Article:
Night descends early in Death Valley at this time of year, so this was not a late night photo; instead, it was made around 7:30 pm. Prior to my evening excursion, I visited the area and evaluated the wagon for composition, something performed much more easily by light of day. At the time, I didn’t realize the Milky Way would be in just the right position or that a shooting star would streak across the night sky, adding just the right touch of the surreal.

Death Valley can challenge photographers in many ways, but for me, this photo of the old wagon backdropped by the night sky will probably be the most rewarding image of this particular trip.



*Borrego Badlands


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Passionate About Packrat Poop

posted: January 23rd, 2009 | by:Bert


Nancy Dennis examines packrat midden, contends of which can reveal many stories.

©Bert Gildart: Revolting as it may sound, much of the information about the character of Death Valley has been obtained from packrats and from the feces and urine they have deposited over the millennium.

“You’ll find packrat middens all over the park,” said Terry Baldino, Chief of Interpretation, in response to my question about their location. “But I’ll point you to one you can find quite easily.” (As an aside, Terry helped me with a story I wrote last year about global warming for the magazine produced by the Wilderness Society. As well, he helped with a book Janie and I wrote about Exploring Death Valley. You can, of course, order it from us or from Amazon.)

That’s what we spent much of yesterday doing, but certainly not the entire time since my last posting of several days ago. Since that time, we have taken a short break from Death Valley, making a two night stay in the nearby town of Pahrump. We wanted hookups and access to cable TV so that we might watch the historic inauguration. From Pahrump, we also said our goodbyes to Rich, Emma and Eleanor Luhr who had camped with us for several days at Furnace Creek. Our objectives complete, we returned to Death Valley and joined some other Airstream Trailer friends (Don and Nancy Dennis) whom we meet last summer in Glacier National Park. Don is retired from a dual career with the forest service and as a college professor. Nancy is retired from a career as an administrator with various companies,  and because of their obvious interests in the outdoors, they were an ideal couple with whom to search for packrat middens.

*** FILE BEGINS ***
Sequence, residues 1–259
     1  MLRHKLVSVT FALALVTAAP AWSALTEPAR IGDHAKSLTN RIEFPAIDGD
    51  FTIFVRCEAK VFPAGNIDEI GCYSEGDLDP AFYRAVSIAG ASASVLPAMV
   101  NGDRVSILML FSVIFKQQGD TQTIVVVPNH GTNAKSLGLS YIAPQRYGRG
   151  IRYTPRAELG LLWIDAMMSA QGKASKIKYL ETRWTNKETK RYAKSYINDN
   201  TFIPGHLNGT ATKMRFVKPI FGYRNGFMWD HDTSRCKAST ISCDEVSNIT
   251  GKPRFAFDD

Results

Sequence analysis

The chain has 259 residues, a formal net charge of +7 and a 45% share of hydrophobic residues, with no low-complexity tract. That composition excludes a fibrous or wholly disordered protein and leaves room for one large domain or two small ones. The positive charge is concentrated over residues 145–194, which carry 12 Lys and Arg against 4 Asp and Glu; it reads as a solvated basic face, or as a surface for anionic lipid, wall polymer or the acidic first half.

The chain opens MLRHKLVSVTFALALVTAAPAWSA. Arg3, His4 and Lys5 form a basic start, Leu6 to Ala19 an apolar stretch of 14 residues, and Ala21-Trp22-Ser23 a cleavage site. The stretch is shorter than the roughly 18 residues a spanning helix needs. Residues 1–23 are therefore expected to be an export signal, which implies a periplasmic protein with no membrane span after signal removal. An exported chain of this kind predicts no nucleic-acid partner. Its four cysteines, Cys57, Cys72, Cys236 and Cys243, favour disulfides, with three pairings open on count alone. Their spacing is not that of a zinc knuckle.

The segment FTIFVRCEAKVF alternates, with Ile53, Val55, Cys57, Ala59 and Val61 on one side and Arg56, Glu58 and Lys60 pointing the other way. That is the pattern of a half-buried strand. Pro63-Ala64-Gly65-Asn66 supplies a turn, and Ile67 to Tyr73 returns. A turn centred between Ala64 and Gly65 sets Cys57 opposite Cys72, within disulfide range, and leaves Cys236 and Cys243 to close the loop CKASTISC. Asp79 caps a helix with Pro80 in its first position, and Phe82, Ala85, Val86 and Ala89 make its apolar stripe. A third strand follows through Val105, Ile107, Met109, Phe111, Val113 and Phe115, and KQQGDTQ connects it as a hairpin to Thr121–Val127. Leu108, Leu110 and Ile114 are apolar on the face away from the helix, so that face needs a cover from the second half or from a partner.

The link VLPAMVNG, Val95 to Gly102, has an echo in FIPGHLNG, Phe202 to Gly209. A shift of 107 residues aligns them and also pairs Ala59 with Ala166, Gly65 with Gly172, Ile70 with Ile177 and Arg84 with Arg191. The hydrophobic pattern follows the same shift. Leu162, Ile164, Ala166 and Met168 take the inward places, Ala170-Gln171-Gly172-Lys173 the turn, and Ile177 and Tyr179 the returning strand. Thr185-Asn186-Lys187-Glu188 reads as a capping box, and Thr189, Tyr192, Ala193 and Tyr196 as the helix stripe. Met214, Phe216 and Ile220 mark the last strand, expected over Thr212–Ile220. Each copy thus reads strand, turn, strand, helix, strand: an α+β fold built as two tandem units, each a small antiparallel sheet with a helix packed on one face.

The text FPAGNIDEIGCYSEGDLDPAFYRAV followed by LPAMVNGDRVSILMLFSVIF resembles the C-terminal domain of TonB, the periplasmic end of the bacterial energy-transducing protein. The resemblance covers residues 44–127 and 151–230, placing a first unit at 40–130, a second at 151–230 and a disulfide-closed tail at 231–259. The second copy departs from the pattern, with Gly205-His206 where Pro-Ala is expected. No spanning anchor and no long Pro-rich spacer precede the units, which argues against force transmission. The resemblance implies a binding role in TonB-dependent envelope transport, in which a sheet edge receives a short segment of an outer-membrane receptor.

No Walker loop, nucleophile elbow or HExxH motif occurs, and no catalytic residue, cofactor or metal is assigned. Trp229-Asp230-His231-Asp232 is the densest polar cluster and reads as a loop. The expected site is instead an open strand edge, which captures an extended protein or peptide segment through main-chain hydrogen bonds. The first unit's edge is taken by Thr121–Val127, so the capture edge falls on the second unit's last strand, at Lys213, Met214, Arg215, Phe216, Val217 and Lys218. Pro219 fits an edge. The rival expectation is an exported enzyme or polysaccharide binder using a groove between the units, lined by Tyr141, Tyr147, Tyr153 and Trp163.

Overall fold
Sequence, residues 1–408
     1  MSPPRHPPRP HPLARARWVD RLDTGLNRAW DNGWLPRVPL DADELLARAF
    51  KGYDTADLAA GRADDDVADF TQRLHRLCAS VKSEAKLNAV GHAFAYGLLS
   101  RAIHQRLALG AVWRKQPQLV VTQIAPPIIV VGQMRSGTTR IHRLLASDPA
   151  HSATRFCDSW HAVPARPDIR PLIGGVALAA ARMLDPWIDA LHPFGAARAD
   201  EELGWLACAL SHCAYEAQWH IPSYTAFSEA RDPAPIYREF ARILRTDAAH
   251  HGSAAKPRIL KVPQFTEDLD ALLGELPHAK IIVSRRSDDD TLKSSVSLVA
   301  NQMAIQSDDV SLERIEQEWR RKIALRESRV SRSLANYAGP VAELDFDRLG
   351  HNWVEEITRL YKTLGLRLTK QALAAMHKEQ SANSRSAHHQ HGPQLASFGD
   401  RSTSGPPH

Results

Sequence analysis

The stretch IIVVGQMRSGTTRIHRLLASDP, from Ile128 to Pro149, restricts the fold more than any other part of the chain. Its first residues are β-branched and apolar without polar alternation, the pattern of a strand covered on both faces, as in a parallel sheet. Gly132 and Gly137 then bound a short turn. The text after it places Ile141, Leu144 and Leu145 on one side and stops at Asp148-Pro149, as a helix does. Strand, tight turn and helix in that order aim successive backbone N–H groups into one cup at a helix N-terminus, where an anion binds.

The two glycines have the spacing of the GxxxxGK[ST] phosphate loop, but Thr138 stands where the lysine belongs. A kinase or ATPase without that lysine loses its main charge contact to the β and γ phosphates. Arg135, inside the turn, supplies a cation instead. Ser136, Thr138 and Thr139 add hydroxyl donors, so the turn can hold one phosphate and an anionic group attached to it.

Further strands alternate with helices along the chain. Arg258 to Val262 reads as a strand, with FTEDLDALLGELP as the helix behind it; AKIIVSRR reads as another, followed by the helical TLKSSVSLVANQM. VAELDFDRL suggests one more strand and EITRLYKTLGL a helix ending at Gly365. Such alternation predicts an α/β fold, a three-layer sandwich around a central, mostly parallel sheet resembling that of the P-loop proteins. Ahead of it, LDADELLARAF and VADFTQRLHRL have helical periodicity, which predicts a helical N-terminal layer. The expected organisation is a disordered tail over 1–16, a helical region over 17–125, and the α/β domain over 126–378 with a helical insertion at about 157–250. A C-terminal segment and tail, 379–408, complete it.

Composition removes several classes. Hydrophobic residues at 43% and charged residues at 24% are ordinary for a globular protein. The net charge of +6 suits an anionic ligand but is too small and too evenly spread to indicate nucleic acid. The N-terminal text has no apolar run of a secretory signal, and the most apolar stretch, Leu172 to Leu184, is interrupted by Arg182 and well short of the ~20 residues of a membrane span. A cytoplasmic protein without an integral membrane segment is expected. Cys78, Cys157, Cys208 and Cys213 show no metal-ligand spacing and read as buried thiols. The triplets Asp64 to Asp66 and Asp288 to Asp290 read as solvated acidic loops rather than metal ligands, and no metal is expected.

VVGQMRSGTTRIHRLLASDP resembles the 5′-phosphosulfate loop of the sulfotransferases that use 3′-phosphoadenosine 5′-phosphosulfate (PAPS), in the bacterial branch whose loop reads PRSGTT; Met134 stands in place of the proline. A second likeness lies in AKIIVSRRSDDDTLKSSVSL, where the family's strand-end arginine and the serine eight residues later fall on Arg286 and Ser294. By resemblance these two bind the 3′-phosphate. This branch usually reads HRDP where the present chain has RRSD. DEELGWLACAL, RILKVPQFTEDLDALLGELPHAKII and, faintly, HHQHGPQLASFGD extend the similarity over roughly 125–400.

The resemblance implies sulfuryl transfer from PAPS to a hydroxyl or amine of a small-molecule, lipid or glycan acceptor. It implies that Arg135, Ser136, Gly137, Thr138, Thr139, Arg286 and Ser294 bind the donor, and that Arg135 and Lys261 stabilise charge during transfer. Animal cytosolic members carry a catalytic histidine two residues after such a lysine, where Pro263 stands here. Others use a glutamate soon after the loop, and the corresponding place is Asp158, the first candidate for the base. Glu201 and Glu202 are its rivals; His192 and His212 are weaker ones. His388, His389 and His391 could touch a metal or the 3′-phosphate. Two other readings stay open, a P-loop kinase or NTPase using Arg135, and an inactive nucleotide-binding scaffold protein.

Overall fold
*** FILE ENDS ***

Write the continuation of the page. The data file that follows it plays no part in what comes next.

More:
By definition, a midden is a refuse pile that has accumulated over the centuries, and that is what packrats have provided in this valley now known as Death Valley. Thousands of years ago, a pair of packrats found a location that seemed ideal as a home and then began building a nest, using whatever vegetation was available.


Nibblings of packrats suggest the capabilty to avoid thorns.

Not being the most hygienic of animals, they would poop and pee in their nests. And so would their offspring, and the offspring that followed them and all successive generations. Such excretions would calcify around the vegetation used to construct their nest and so preserve it. In that way scientists who came along thousands of years later could look and say, “Ah ha! Here are the needles of a sequoia… a pinion pine.”

In this way they had some fairly conclusive evidence testifying to the nature of the climate many years ago. Hopefully, before leaving here, I’ll be able to visit with one of the biologists Terry said would be available later in the week.


After about an hour’s search up a dry wash, we found our nest, and I was not disappointed in the response of my companions. “Bert, it looks as though we’ve found the mother load!”

In their voices was genuine enthusiasm, making this the very best crew with whom to be hiking!

Our midden was located high on the flanks of the wash at the base of a huge boulder. Because such washes can at times funnel large quantities of flood waters, it would seem these rats had selected well. Other than that I can’t report much other but can say that the midden was large and that it seemed quite varied in construction.

Tangentially, I can also report that the rats seemed immune to the cholla from which a part of this particular nest seemed to have been constructed. We also observed that nearby they’d been nibbling on beavertail cactus, and that packrats have apparently learned how to avoid the thorns. One more thing I can confirm is that the nest was laden with feces and that it had a pungent odor.

With curiosity now peeked, my enthusiasm about these findings remains high, and now I’m anxious to learn what some of these droppings have revealed to park scientists. (Just imagine, some of this poop may be thousands of years old!)

Of course, you’ll want to log in again to discover whether my passion about packrat poop has waxed or whether it has waned. In fact, you may want to look us up down here where we are camped way below sea level. You’re welcome then to join us as we search for yet more middens, so very rich with story-telling feces.


*Eyes of the Canyon


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What’s In A View?

posted: January 19th, 2009 | by:Bert

©Bert Gildart: Two days ago our crew joined a naturalist-conducted tour of the Furnace Creek Inn, learning about the far reaching benefits of a grand view. The view, of course, had always been a part of what is now Death Valley National Park, but shortly after one of the borax companies built a hotel located not far from Zabriske Point and from Furnace Creek, where we’re now camped, they realized that their grand effort would fail as a business if it could not preserve the incredible view. Imagine, they must have thought, what would happen if someone built a condo between the inn and the Panamint Mountains. Or imagine a clump of stores… or a mall!